Greater Holyoke Chamber of Commerce
www.holycham.com
(413) 534-3376
n Dec. 8: Holiday Salute Breakfast, 7:30 a.m., hosted by the Delaney House, One Country Club Road, Holyoke. Sponsored by Holyoke Gas & Electric and Health New England. Cost: $20. Tables reserved for parties of eight.
n Dec. 15: Chamber After Hours, 5-7 p.m., hosted and sponsored by the Delaney House, One Country Club Road, Holyoke. Cost: members $5, non-members $10 cash. 
 
Greater Easthampton Chamber of Commerce
www.easthamptonchamber.org
(413) 527-9414
n Dec. 3: Holiday Stroll and Visit from Santa, 7 p.m. Hosted by Maple Street School. An event for the entire family. Stroll and carol through downtown Easthampton to Pulaski Park and help Santa light the green with thousands of twinkling lights. Visit with Santa in the gazebo. Cocoa and cookies for the kids. Cost: free.
n Dec. 16: Holiday Dinner Dance, 6-11 p.m., hosted by the Log Cabin Banquet & Meeting House, 500 Easthampton Road, Holyoke. An evening of friends and holiday spirit including the Chamber Annual Awards , a $5,000 raffle drawing, butlered hors d’ouevres, multi-station entrees, Viennese dessert table, cash martini and full-service bar, music provided by Michael J Productions. Public invited. Excellent business party opportunity. Cost: $45 per person inclusive; group reservations available.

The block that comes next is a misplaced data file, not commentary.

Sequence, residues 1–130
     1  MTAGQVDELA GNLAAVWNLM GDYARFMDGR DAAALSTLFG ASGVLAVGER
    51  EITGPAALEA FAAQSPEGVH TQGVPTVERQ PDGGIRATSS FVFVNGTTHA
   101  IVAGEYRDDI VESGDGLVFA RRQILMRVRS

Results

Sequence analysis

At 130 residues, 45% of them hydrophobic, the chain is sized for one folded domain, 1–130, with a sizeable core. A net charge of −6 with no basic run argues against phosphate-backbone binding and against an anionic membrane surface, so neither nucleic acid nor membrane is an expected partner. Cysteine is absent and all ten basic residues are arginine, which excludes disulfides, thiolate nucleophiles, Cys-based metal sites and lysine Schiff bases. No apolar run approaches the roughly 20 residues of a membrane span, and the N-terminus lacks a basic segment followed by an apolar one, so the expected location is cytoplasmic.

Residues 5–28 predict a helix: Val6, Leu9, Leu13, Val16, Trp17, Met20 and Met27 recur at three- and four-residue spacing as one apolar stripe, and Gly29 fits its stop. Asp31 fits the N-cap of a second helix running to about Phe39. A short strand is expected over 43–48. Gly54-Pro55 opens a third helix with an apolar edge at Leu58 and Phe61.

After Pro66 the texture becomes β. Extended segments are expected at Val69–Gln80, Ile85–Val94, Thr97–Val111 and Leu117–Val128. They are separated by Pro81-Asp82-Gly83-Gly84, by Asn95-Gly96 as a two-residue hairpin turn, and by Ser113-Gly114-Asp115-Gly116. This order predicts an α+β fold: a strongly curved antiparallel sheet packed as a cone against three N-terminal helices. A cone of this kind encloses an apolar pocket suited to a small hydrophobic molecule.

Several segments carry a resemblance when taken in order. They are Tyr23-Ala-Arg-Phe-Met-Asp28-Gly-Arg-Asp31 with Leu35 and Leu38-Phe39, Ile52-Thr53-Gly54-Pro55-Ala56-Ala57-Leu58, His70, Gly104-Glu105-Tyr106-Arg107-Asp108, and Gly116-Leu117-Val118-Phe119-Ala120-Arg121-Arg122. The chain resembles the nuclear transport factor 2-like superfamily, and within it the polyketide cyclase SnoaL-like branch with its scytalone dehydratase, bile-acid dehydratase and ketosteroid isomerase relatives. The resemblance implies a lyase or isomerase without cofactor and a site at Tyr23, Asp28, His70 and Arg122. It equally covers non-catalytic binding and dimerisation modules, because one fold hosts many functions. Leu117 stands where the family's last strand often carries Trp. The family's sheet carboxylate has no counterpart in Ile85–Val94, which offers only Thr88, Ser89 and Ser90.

Greater Northampton Chamber of Commerce
www.explorenorthampton.com
(413) 584-1900
n Dec. 8: Arrive @ 5, 5-7 p.m., hosted by Silverscape Design, 1 King St., Northampton. Sponsored by Johnson & Hill Staffing Services and Florence Savings Bank. A casual mix and mingle with colleagues and friends. Cost: $10 for members. Contact the chamber at (413) 584-1900 or [email protected] for tickets and sponsorship opportunities.